politically, but how about medically? I
love that you point that out as one of the major issues, because you’re
right. I mean, you are responsible for not being obese, avoiding lung cancer by
not smoking. I mean, that is a personal
Fran Emerson: It is,
Sally. It certainly is. And, you know, I’m as guilty as anybody else,
in terms of getting regular exercise, and so on. But I’m conscious of the fact that, you know,
if I want quality of life as I grow older, then, you know, I have to do
something about it. I think the days of
being a passive recipient of other people’s ideas of what’s best for us are
gone. We have to stand up. If we have a symptom, then we have all these
incredible resources, like the internet, to find out what might be wrong with
us. We’re almost our own physician, in a
way. And I think if we all take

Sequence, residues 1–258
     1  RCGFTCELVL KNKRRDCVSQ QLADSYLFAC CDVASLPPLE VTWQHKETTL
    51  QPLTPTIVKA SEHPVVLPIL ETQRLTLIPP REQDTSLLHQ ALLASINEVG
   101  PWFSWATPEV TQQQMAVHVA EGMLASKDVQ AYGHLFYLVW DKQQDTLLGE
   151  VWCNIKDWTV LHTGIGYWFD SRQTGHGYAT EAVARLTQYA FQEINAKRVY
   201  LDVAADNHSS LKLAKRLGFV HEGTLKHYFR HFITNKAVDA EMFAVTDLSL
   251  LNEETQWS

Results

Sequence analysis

responsibility in that way, then we can actually help the medical profession.
Sally Smith: And have a
much fuller, happier life ourselves.
Fran Emerson. Absolutely.
Sally Smith: I mean, you
reap what you sow. I mean, sometimes you
don’t reap what you sow. Sometimes a bad
thing will zap you, like Alzheimer’s.
But you can certainly give yourself the best chance.
Fran Emerson: You can give
yourself the best chance. You can’t fix
it. We don’t want to, you know, take
away the fact this is an overwhelming, devastating disease. And this is why the Alzheimer’s Association
is here to support the people who are affected by it. But, yes, you can do certain things.
Sally Smith: Well, hold
that thought. Thank you so much, Fran,
for being with us today. And thanks to
all our listeners for joining us and listening, today, to Age to Age. This is Sally
Smith saying good-bye and wishing you courage and joy on your own journey. We are all connected.
If you enjoy
listening to Sally Smith, you can buy her book, The Circle. It’s the story of how she personally
responded to her mother’s journey with Alzheimer’s disease. It’s a wonderful gift of hope for anyone with
a parent with dementia. Just click on
Sally Smith’s name under the Health Professionals tab on the Podcast home
page. All profits support research at
the Center on Aging. Thanks.